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How To Get Better Sleep

Is Sleep A Challenge For You?

When I talk with people about their biggest health challenges, there’s one thing that comes up quite often. And that is Sleep! People either aren’t getting enough sleep, or what they do get is restless and leaves them tired. It’s getting in the way of their lives, including their health, their work, their relationships. You can probably relate to this challenge on some level.

Sleep Hygiene

Sleep hygiene refers to the habits that result in high-quality sleep, and is extremely important for our rest and restoration. Poor sleep hygiene is far more common than you might think. Statistics show that 20-40% of adults struggle with sleep.  

Most people know how stressful it can be to toss and turn through even one night of unrestful sleep, and many may experience it on a regular basis. Here’s the important thing to remember, though: It's possible to get better sleep.

Below are three tips to help you build (or improve) your sleep hygiene practices.

(1) Enjoy balanced meals throughout the day

What you eat during the day has a whole lot to do with how well you sleep! The foods that you eat are closely connected with your circadian rhythms, because they affect how serotonin and melatonin work together to help you get enough rest. An overall balanced diet that includes good complex carbs and plant protein will promote healthy serotonin levels for optimal melatonin production. Make sure you include whole grains (including millet, quinoa, and brown rice if you’re gluten-free), plant protein, and some healthy fats throughout the day.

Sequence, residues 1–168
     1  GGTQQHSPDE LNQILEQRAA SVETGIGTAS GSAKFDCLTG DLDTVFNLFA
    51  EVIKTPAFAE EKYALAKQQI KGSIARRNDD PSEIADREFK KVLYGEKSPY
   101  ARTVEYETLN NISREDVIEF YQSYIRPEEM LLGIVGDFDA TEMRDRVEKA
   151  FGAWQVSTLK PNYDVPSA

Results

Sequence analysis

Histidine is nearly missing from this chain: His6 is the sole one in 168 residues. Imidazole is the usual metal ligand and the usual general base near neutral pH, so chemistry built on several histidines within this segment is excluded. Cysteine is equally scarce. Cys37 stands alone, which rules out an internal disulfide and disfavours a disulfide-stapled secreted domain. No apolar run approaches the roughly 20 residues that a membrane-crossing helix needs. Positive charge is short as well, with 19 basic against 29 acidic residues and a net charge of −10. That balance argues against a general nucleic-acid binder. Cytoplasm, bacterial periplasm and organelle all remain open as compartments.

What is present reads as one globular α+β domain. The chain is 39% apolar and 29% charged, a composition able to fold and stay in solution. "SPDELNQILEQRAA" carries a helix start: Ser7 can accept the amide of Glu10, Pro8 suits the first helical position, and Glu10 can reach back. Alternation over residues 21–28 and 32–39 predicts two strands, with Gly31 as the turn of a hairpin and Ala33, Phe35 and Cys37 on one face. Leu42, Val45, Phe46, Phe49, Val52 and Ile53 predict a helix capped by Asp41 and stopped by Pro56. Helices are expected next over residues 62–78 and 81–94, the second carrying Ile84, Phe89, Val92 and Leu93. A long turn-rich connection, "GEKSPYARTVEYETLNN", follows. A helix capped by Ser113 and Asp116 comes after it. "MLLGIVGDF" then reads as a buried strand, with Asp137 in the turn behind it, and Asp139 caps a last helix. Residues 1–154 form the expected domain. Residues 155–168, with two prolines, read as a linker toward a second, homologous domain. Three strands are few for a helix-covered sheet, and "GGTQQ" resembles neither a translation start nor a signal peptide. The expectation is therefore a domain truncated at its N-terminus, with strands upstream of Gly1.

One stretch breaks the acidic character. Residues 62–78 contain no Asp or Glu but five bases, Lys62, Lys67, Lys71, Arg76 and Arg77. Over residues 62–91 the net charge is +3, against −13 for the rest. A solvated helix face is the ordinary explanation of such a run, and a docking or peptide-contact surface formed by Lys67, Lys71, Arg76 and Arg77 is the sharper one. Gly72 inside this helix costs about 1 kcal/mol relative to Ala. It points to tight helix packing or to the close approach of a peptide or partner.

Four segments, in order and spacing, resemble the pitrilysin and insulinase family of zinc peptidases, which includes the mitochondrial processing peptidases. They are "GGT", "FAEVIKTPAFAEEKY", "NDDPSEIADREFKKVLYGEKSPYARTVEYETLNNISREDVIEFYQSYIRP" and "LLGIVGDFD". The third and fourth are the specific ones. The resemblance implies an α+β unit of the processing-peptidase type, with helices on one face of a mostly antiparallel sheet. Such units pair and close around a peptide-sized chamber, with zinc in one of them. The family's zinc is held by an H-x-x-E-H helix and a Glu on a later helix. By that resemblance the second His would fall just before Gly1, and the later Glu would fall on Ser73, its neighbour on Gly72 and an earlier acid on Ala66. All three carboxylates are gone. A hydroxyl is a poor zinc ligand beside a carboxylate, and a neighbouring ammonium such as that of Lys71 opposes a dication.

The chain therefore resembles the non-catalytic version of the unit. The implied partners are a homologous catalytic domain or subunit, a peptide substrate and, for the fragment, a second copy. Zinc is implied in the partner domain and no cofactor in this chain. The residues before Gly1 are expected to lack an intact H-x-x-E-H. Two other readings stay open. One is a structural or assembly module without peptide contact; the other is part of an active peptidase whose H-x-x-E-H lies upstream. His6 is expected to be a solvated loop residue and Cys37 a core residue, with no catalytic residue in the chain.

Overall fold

(2) Wind down before bedtime
What you do in the hours leading up to bedtime can have a huge impact on the length and quality of our rest. Nothing soothes your nervous system like warm water. It washes the day and stress away. Apparently, the water raises our body temperature by one to two degrees, and so the immediate cool down period we experience put us into relaxation mode.

(3) Be careful with the stimulants

Coffee and too much alcohol at night can mess with our natural sleep rhythms. While drinking a good glass of wine every now and then is not a problem, more than one makes could pop people awake a few hours later. And if you have trouble balancing your blood sugar, eat a teaspoon or two of almond butter before bed or if you wake up with insomnia.

By now you’ve probably heard that you should put down your devices at least an hour before bed. I know it can be hard to stop scrolling and shut off the machine, but don’t underestimate the importance of this advice. And if for some reason you do have to look at a screen, I recommend trying out blue light or a program to adjust the colour temperature of your displays to let your eyes rest.

So what kind of sleep hygiene practices do you engage in? Please share with us in the comment below.

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